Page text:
When purchasing pharmaceutical products in St. Petersburg, Florida, you will inevitably come across the term “controlled substance.” These are products whose distribution is strictly controlled by the Drug Enforcement Agency as mandated by the Controlled Substances Act.
There are two kinds of controlled substances. The first one is a medicine that has a high risk of being abused beyond its function for medication therapy management. This group includes Vicodin, which has been placed under the Schedule II list of controlled substances in 2014 because of the addictive nature of its active compound hydrocodone, a synthetic opioid.
The second group of controlled substances comprises illicit or illegal drugs. These are compounds that have no observed value in medicine. This means that they are not helpful drugs but are sold in the streets for their addictive effects. These drugs include methamphetamine, heroin, lysergic acid diethylamide (LSD), and methaqualone. Drugs under Schedules I and II have the highest potential for abuse or misuse. Below these schedules are Schedules III, IV, and V. They are the least likely to be abused as their effects are not known to cause dependence and addiction.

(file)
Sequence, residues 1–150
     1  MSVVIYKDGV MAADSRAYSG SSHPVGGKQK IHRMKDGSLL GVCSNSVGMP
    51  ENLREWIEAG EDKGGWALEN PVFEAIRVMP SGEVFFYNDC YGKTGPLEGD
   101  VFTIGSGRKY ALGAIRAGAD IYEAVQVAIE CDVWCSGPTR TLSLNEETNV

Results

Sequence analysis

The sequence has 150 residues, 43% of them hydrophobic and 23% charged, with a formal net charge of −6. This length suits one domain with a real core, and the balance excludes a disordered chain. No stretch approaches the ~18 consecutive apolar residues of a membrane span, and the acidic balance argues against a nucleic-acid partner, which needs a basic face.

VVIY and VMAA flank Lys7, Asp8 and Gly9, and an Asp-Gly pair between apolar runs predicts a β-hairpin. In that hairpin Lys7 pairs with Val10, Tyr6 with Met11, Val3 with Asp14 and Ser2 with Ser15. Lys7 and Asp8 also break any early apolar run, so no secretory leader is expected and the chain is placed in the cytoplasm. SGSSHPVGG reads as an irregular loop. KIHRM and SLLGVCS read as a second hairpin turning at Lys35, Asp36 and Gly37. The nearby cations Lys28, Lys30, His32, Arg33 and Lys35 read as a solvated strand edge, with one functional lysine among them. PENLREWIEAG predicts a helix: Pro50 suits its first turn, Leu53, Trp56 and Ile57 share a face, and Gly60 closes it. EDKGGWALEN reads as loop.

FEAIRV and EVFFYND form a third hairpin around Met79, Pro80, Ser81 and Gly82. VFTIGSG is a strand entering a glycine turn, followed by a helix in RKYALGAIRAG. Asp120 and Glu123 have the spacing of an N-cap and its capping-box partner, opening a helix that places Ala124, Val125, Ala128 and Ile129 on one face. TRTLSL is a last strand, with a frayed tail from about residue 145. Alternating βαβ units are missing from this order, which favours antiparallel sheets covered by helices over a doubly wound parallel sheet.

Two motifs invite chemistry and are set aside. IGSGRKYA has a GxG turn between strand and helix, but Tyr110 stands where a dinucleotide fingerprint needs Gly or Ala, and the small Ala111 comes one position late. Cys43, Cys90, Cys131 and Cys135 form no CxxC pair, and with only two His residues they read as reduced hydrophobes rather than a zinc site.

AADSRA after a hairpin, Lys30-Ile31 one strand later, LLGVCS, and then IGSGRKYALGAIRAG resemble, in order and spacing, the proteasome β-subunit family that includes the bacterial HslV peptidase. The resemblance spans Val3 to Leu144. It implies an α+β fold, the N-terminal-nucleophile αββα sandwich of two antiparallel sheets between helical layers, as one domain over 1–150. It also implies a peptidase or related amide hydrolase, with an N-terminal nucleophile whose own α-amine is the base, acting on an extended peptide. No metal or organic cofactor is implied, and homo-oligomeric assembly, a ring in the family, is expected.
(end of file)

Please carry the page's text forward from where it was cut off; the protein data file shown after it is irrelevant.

All prescription drugs are controlled drugs. Prescriptions are necessary to limit the use of these drugs to qualified situations that can be monitored by a healthcare professional. RX refill of some prescription drugs is even prohibited, depending on which schedule they’re placed under.
Schedule I drugs are exceptions— they are not sold in pharmacies.